Now that we have taken a look at the geology of Vancouver Island, let’s take a look at some areas of mineral interest.
An old copper mine and an unmined gold deposit sit on the northeast side of Mount Washington near the top of the mountain, which is mainly composed of highly faulted Karmutsen Formation basalts intruded by a Tertiary stock. On the top of the mountain rare shell fossils can be found. The copper and gold deposits are rich in arsenic minerals such as realgar. Vuggy crystalline and chalcedonic quartz often forms with the mineralization. Placer gold can be found in Oyster River draining the northern part of the mountain. Relatively large nuggets have accumulated in the river further downstream.
Just west of Campbell River, the old Quinsam or Argonaut iron mine is a large open pit offering an abundant amount of andradite garnet crystals in the orebodies. Several narrow cobaltite/erythrite bearing zones within the skarned rocks, also exist.
A unique kind of syngenetic mineral deposit has been found in several locations near Menzies Bay and on Quadra Island, containing copper in the form of chalcocite and native copper, and vanadium in the form of volborthite. Just past Sayward, the Iron Mike mine, a magnetite skarn, is located west of the highway.
The Adam River drainage area hosts beautiful quartz and epidote crystals as well as some small gold-copper deposits, and copper-bearing amygdaloidal lavas. On the highway north of Adam River, a section of Quatsino Limestone is exposed and contains some small karst holes or caves visible from the road.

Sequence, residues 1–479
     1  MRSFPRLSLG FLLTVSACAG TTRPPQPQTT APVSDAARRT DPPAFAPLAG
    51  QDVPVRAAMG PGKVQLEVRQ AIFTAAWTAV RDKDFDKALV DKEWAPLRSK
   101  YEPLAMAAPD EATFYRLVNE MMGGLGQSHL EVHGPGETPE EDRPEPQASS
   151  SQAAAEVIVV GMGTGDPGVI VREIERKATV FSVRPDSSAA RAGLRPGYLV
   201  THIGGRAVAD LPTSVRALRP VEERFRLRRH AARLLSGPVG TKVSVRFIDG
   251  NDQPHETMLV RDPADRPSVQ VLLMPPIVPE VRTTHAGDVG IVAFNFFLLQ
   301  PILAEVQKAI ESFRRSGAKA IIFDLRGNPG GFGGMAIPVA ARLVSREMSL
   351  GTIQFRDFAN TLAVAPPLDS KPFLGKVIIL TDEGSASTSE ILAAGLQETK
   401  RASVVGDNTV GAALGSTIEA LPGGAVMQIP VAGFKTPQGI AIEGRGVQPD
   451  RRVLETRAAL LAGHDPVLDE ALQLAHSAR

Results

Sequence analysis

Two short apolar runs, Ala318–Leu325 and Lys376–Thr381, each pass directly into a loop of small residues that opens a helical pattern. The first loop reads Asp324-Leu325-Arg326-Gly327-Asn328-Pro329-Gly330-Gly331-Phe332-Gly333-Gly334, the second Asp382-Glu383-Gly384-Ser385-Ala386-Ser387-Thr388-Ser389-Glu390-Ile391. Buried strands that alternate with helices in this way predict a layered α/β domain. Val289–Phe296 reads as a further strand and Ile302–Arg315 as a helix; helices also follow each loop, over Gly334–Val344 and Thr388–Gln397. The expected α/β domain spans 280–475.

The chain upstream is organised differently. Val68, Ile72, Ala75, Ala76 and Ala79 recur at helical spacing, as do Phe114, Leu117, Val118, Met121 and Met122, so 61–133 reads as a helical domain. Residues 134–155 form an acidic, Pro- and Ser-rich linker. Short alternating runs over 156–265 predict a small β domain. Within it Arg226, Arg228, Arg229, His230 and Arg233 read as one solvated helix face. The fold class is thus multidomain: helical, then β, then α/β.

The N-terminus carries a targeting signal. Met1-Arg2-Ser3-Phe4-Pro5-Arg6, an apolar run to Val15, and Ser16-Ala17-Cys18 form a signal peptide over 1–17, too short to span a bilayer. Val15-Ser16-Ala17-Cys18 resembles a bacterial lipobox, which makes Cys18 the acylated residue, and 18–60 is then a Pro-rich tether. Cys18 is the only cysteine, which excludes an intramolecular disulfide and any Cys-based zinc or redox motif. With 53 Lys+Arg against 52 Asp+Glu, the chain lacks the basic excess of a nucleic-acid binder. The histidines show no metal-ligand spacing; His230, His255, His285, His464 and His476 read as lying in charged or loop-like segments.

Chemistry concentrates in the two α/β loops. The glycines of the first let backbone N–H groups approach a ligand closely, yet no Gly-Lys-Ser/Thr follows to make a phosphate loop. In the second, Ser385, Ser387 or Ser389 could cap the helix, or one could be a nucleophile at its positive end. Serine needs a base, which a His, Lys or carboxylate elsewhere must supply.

The next area of collecting interest is in the vicinity of Nimpkish and Bonanza Lakes. The Bonanza area is accessed from near the Zeballos turn-off, and can be driven through to Telegraph Cove and back out to the highway. The Bob copper mine, a small open-pit skarn, is located beside the road part way to the main lake. The upper Bonanza River is one of the few designated placer gold rivers on Vancouver Island. The gold source, similar to Mt. Washington, appears to be fine gold coming from Karmutsen lavas at the headwaters, concentrating into small nuggets downstream.
Near Nimpkish River, the Nimpkish Iron Mine is a large open-pit with some collecting opportunities for skarn minerals and magnetite. East of the Island Highway, the Kinman Creek area host a variety of small, rich copper deposits and interesting skarn minerals. Several large cave systems are found in the area, and local guides are available. Other minerals of interest in the local skarns include “peacock” chalcopyrite, magnetite, pyrite, specular hematite, bornite, galena, jasper, diopside, and serpentine.
The Hustan caves is an easy walk on the western side of Nimpkish Lake. West of Port McNeill, the Merry Widow and Old Sport/Coast Copper skarn copper/iron mines can be found on Merry Widow Mountain. The open pits at the Merry Widow Mine are very steep and dangerous with lots of active rock fall, so collecting from the dumps is the best and safest solution.